Immigrant populations often have higher life expectancies than the native born in the countries they live in, but few countries in the developed world have greater differences than the United States. By many measures, those who immigrate to the U.S. are healthier than U.S. born residents even though in many states the odds are stacked against them. State level comparisons show that, on average, immigrants enjoy lower rates of various chronic diseases than their native born counterparts and have longer life expectancies (82 years vs. 77 years). Possible reasons for these differences include the self selection of healthy people to immigrate, the maintenance of healthy diets and behaviors, and the existence of immigrant networks that provide information and informal health care. Largely because of their lower use rates, immigrants incur lower health expenditures than natives. California is a great example...In Los Angeles County, 25% of immigrants have never had a medical checkup, and 11% have never been to a doctor. Among the native born in the county, the respective figures are 13% and 5%. Use rates are even lower among illegal immigrants in the county, 32% have never had a checkup and 17% have never been to a doctor. To see life expectancy by race for all 50 U.S. states: Click Here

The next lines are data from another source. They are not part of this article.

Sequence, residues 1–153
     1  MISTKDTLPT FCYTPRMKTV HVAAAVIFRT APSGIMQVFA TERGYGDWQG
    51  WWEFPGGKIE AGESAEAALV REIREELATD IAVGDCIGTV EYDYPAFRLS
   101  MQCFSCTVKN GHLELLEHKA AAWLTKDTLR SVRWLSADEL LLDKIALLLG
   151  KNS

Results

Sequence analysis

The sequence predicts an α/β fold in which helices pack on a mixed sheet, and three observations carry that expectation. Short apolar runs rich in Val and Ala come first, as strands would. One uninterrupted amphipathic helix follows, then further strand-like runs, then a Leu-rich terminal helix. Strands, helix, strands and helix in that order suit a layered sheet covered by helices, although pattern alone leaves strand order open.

Nationwide, per capita immigrant health care expenditures are roughly half of those for natives. This is true overall, for the uninsured, and for the publicly insured. Health care expenditures among immigrant children are 74% lower than among native born children. The exception is emergency department (ED) visits for children: Although foreign born children have fewer ED visits than native born children, their overall per capita ED expenditures are more than three times higher. Immigrants pay more of their own money for health care. In Los Angeles County, 21% of the medical costs among immigrants are paid for with public money, compared to 28% among the native born. Because of their lower rates of health care coverage, immigrants pay 28% of their costs out of pocket, compared to 20% for the native born.
America's life expectancy ranking is far lower than we would like it to be compared to the rest of the world. Our ethnic diversity works for us and against us in this regard. Asians are the longest living people in the world. In our opinion there is no place on earth where Asians live longer than they do in the United States, so maybe some folks just live longer here regardless of where they were born. Tom LeDuc
Data:Center for Immigration Studies